A decades-old watering hole near Pennsylvania State University is set to close, according to its owners.

Duke and Monica Gastiger, who run the All-American Rathskeller in State College, wrote on social media this week that the tavern, which has been in business since 1933, along with upstairs Spats Cafe and Speakeasy, will soon close. The building's new owners decided not to renew the lease, they wrote.

Neil and Chuck Herlocher purchased the buildings for $6.5 million over the summer, according to the Centre Daily Times. The Gastigers must be out of the building by February, the newspaper reported. A specific closing date hasn't been announced.

"It has been a great honor operating these two iconic establishments and serving this community and its many truly wonderful patrons and friends," Duke Gastiger said in the post, which said more than 60 employees would be put out of work. "We are grateful for the loyalty that people — including our incredible employees — have shown us over the years. We most regret closing with such short notice, but it was unavoidable given the timeline dictated by the new property owners."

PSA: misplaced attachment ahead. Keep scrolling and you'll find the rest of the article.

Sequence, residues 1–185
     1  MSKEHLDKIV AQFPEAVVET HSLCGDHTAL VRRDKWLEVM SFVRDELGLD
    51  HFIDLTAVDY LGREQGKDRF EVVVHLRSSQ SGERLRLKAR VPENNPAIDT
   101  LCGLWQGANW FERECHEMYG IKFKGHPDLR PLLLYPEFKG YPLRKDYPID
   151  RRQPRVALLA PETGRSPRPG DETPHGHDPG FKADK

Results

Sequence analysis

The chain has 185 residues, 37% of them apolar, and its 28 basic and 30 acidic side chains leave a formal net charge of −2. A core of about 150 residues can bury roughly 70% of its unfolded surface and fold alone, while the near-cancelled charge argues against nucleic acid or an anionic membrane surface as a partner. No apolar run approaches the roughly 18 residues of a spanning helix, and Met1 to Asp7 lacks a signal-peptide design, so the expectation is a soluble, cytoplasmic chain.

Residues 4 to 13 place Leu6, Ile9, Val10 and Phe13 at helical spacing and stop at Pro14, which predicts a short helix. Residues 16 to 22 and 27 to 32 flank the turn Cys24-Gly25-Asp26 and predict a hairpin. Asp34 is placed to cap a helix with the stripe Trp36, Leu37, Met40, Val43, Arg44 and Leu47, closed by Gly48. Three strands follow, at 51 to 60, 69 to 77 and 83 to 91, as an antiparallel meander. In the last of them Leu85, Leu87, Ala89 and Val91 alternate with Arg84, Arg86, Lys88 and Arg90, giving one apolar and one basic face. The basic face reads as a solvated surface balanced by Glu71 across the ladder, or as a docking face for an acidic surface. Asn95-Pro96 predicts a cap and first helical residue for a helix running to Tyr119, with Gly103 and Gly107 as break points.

Penn Staters quickly voiced their outrage, starting a hahstag "#savetheskeller" as well as an online petition that's amassed nearly 4,900 signatures.

The Herlocher's Dipping Mustard Facebook page garnered hundreds of one-star ratings and calls to boycott the company on Monday, Onward State reported.

In a statement Monday, the company said it was "steadfast in [its] commitment to preserve the historic nature and location of this landmark building."

The post said the Gastigers hadn't had a lease since 2011 and that "attempts to resolve the issue were unsuccessful."

Sharon Herlocher, the company's marketing director, said she couldn't confirm the new tenant but said the building would stay a bar/restaurant with the same "vibe" as the Skeller. The new tenant is interested in retaining staff, she said.

She said the family respected the establishment's significance to the community.

"People are angry, and we understand that they're angry," she said. "We value what's there, and that's why we bought it."

Duke Gastiger said he was in shock when he learned of the decision not to negotiate a new lease.

"If the Herlochers have an epiphany tomorrow and wanted to work on a new lease tomorrow, we'd jump at that chance," he said.